The current effort was sponsored by PSO board members Joyce and Georg Albers-Schonberg, and Melanie and John Clarke. Additional funding includes a $10,000 grant by the National Endowment of the Arts and an unspecified amount from the Women’s Philharmonic Advocacy.

The May 15 performance of “Hiraeth” will be given in honor of Snider’s late father, recognizing his sustained support of and contributions to the Princeton Symphony.

Other works on the program, called “Passion & Affection,” are Tchaikovsky’s “Romeo and Juliet Fantasy Overture,” Johann Strauss Jr.’s “Wine, Women and Song,” and Richard Strauss’ “Der Rosenkavalier Suit.”

PSO music director Rossen Milanov, who will conduct “Hiraeth,” and composer Snider will engage in two public discussions about the work. The first is on Saturday, May 14, at 4 p.m. at the Arts Council of Princeton, 102 Witherspoon Street. The second is a pre-concert discussion on May 15 at 3 p.m. in Richardson Auditorium.

“Penelope,” Snider’s 2008 piece designed originally for voice and string quartet, is scheduled for a free performance on Tuesday, May 17, at 7 p.m. at Princeton High School’s Performing Arts Center.

The title refers to a central female figure in the Greek epic the “Odyssey,” one who struggles to maintain her life and dignity while her husband, Odysseus, struggles to return home after being reluctantly recruited into the Trojan War.

Snider says the work was designed as a music theater “monodrama” and evokes a contemporary situation: a woman hoping to help her war-traumatized husband and reading sections of the “Odyssey.”

The “meditation on memory, identity, and what it means to come home” began when the composer finished a graduate degree in music from Yale University in 2005 and playwright Ellen McLaughlin asked her to write the music for a commission she had from the Getty Center to do a piece on the five female characters of the “Odyssey.”

“I knew the kind of music that she liked, which was the ’60s folk tradition. I wanted to write something that she could really own and get inside of and be herself singing, as well as learn by ear. That gave me permission to write in a style that did incorporate my popular music interests,” says Snider. “It was the kind of music that I had written from the time I was 10, mixing Debussy and Joni Mitchell, and to me that felt very natural.”

During the recent Princeton Library presentation, PSO assistant conductor John Devlin — who will conduct the “Penelope” performance — joined Snider to discuss the work that includes vocals by the classically trained band singer Carla Kihlstedt, traditional orchestra instruments, drums, guitar, and sound recordings played on a laptop.

“It’s a challenge,” Devlin says of blending traditions, instruments, and technology to enliven a work prescribed by Snider “to channel the emotions of the text” and to maintain a “dreamy and ethereal quality.”

Musical selections and dramatic videos of “Penelope,” with portions taped at the East Point Lighthouse in New Jersey, can be seen on Youtube. Included is the section “Lotus Eaters,” which the Canadian online music magazine Textura wrote, “One would be hard pressed to hear melodies that are more gorgeous and soul-stirring than those distinguishing ‘The Lotus Eaters.’ Material so powerful places ‘Penelope’ head and shoulders above much else that was released in 2010,” the year the recording was released as a CD.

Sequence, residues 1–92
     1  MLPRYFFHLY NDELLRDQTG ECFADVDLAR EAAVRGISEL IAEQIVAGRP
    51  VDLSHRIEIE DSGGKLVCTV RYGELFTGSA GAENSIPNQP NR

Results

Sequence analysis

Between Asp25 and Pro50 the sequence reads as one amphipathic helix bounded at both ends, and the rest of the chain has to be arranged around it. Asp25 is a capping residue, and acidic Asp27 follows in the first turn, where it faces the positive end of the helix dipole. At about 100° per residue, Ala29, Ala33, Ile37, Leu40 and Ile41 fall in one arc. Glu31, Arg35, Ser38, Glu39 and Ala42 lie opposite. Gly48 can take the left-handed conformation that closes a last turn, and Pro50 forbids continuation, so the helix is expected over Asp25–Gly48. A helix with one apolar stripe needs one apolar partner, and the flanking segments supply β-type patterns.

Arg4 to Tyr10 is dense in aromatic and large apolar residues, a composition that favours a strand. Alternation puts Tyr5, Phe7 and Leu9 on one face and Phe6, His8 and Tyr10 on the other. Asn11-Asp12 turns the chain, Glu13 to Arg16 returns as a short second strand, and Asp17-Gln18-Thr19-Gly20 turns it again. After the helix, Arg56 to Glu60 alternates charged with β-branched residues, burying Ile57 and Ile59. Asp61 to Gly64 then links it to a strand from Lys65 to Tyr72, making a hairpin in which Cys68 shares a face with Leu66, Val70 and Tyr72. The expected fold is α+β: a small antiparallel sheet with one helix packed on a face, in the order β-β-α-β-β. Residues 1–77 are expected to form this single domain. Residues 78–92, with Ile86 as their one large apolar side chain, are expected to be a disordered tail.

About her use of text and poetry, Snider says in a late night E-mail, written after returning from her work as co-director of New Amsterdam Records and New Amsterdam Presents in New York, “I think of myself as a narrative composer. I’m interested in writing music that tells a story — has an involving, emotionally direct, and vivid aural storyline — either with text or without (vocal music vs. instrumental). I do love writing vocal music, as language allows you to give specific, concrete information about the story you’re telling, and you can unpack a level of emotional nuance in the language that words alone cannot.

“I’m fascinated by the relationship between words and music, how a note or chord or rhythmic idea can subtly change our perception of a phrase’s meaning and psychological implications. But I’m equally enamored of writing purely instrumental music. The specific challenges are different but ultimately for me both are about narrative, or to boil it down further, tension and release. I’m happiest as a composer when I have a combination of vocal and non-vocal projects to work on or think about.”

Recently Snider contributed a piece for Genesis Quarterly (a sister publication to U.S. 1) and recalled both her Princeton childhood and path to becoming a composer. Her parents — including a mother who oversaw two lupus-related organizations — “were non-musical (though they loved to listen) and we had no instruments in our house at that time, so in my desire to make music I would knock on the doors of across-the-street neighbors and ask if I could play their piano. (Generously, they would oblige — who can say no to a soft-spoken pre-schooler on your doorstep asking to play your piano?) I played music by ear on neighbors’ pianos until I turned six, when my father convinced his parents to ship us their piano from North Carolina so I could take lessons.”

She says she continued with piano but when she went to John Witherspoon School she decided to play cello. “I’m not even sure I knew what kind of sound it made when I chose it, but I chose well. Over the next few years I had a profoundly good time playing cello in the orchestras of John Witherspoon, Princeton High School, and Albemarle, the co-ed summer program of the American Boychoir School, where I also learned to play chamber music.”